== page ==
Coronavirus: When will southeastern Pennsylvania enter 'yellow' phase?

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Tuesday, May 5, 2020
When will southeastern Pennsylvania enter 'yellow' phase?
A significant portion of Pennsylvania's revenue comes from six counties in the southeastern part of the state, including Philadelphia. When will these counties move into the "yellow" phase? Officials weigh in.

HARRISBURG, Pennsylvania (WPVI) -- Residents in southeastern Pennsylvania are waiting in envy as parts of the commonwealth prepare for the "yellow" phase of Governor Tom Wolf's COVID-19 reopening plan.

Delaware County Councilman Kevin Madden is fielding questions from business owners eager to see when parts of the Philadelphia region moves from "red" to "yellow" and ultimately "green."

The state's reopening plan went into effect last week, announcing the first wave of counties headed into the yellow phase Friday, May 8. Twenty-four counties from north central and northwestern Pennsylvania are preparing this week.

The restrictions are still similar to the ones in the red stage, still, southeastern Pennsylvania is eyeing those counties with envy since they are closer to green than the rest of the state.


A significant portion of Pennsylvania's revenue comes from six counties in the southeastern part of the state, including Philadelphia.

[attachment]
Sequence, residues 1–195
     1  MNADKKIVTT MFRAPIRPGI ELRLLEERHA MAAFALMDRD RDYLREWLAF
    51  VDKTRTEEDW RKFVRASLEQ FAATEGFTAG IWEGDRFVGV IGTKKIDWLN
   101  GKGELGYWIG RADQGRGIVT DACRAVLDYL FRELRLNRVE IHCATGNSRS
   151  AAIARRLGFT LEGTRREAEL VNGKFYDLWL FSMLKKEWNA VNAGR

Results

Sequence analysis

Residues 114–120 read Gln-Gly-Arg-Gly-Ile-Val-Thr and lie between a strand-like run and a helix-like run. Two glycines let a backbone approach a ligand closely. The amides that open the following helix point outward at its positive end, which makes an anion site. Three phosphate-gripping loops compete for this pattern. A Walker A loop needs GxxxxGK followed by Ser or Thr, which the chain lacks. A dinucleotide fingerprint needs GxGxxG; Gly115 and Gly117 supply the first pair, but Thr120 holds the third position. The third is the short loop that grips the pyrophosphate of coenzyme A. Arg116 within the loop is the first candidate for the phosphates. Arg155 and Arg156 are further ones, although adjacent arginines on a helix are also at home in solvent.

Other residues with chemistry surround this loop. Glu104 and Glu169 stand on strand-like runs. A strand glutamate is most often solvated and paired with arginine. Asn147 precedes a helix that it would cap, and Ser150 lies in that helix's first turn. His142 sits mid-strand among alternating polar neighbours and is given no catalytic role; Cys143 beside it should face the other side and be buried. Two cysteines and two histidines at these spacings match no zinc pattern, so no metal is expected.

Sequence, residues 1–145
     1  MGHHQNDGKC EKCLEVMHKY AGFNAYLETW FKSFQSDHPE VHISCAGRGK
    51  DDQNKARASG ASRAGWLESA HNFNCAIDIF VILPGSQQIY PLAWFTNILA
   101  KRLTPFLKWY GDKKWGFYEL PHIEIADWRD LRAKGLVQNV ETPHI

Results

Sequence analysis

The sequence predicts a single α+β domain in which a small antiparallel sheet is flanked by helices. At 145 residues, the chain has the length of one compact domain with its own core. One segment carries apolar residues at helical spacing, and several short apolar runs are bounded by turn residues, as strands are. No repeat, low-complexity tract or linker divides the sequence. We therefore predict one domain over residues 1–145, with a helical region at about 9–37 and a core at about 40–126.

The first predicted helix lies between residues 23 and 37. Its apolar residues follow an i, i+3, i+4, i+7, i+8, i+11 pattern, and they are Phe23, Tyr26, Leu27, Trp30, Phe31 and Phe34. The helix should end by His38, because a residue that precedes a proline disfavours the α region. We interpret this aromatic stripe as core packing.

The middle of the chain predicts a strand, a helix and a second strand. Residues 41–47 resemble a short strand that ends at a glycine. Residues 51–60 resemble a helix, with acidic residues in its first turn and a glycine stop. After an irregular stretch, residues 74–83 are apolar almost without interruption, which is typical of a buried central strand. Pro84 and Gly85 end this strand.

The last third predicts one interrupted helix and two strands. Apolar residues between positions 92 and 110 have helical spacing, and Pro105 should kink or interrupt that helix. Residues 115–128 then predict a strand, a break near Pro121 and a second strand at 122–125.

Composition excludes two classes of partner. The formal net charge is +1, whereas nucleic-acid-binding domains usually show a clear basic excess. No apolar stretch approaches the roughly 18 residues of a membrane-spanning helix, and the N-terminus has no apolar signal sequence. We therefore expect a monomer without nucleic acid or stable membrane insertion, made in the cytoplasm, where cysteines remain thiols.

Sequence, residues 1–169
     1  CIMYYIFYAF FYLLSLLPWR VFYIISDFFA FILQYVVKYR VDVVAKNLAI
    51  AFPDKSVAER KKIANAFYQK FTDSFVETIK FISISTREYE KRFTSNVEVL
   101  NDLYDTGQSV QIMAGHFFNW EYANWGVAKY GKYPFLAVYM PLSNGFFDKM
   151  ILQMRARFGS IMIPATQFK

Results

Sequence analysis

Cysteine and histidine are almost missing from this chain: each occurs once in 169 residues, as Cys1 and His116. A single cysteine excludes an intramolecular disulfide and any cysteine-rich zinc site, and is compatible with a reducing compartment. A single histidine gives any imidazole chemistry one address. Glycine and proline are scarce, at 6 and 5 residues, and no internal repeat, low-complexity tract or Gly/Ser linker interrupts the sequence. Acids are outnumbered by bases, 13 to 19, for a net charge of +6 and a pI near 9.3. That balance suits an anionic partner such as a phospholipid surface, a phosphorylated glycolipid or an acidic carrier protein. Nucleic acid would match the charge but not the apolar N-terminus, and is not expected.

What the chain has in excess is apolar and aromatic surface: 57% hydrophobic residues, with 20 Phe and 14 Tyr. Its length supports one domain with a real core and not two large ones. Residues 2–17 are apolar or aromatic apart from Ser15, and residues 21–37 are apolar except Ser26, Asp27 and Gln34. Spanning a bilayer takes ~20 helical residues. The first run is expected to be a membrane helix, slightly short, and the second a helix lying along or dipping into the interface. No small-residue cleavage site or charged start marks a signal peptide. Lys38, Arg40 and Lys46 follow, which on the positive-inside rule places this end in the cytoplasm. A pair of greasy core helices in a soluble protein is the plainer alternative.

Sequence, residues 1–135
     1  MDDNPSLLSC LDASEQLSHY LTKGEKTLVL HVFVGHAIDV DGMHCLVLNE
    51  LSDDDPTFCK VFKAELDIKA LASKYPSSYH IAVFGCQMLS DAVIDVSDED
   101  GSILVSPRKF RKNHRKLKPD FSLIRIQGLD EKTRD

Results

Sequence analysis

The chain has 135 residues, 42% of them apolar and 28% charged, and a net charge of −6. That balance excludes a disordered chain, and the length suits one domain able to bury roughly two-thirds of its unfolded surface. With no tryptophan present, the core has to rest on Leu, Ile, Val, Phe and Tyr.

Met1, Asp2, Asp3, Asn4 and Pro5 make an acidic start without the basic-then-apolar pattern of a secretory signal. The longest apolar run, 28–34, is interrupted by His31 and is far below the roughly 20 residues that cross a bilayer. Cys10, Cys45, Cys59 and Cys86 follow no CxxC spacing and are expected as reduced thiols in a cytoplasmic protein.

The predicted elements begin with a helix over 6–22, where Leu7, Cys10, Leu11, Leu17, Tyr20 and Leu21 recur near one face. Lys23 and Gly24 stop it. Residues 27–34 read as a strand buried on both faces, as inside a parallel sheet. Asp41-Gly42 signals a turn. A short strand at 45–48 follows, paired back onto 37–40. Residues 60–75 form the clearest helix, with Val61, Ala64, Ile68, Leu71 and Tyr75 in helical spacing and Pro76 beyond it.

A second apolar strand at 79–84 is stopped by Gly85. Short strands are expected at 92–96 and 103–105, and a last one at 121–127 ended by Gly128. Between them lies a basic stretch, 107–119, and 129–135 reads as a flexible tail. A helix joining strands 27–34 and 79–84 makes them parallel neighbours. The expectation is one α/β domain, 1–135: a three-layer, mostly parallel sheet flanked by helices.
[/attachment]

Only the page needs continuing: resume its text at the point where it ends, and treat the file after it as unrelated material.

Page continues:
Governor Tom Wolf explained in a release last week the requirements, "These counties were deemed ready to move to a reopening, or "yellow" phase because of low per-capita case counts, the ability to conduct contact tracing and testing, and appropriate population density to contain community spread."

RELATED: Pa. Secretary of Health explains why barber shops, nail salons won't reopen in yellow phase

But in order for other counties to catch up, there needs to be more widespread testing to know how many people are affected.

Councilman Madden suggested nursing homes, which make up the bulk of their cases, be counted separately from the rest of the population.

"When you have 70% of the deaths we've had occur in nursing homes, if anything we want to shine a light on is that and to make sure the situation there is not getting conflated with the rest of the community."

But Secretary of Health, Dr. Rachel Levine, did not agree, saying that nursing homes are part of the community with staff going back and forth.

"We are not going to separate nursing home cases from other cases in the county," said Levine.

Madden says he is concerned about the vulnerable population in the nursing homes and does not want to reopen too soon.

"We're not advocating for reopening before it's safe. We are where we are, we need to stay the course. What we're advocating for is not looking at solely one metric as this progresses. Maybe there are ways of being flexible and creative about starting to open things in a way that are safe," said Madden.



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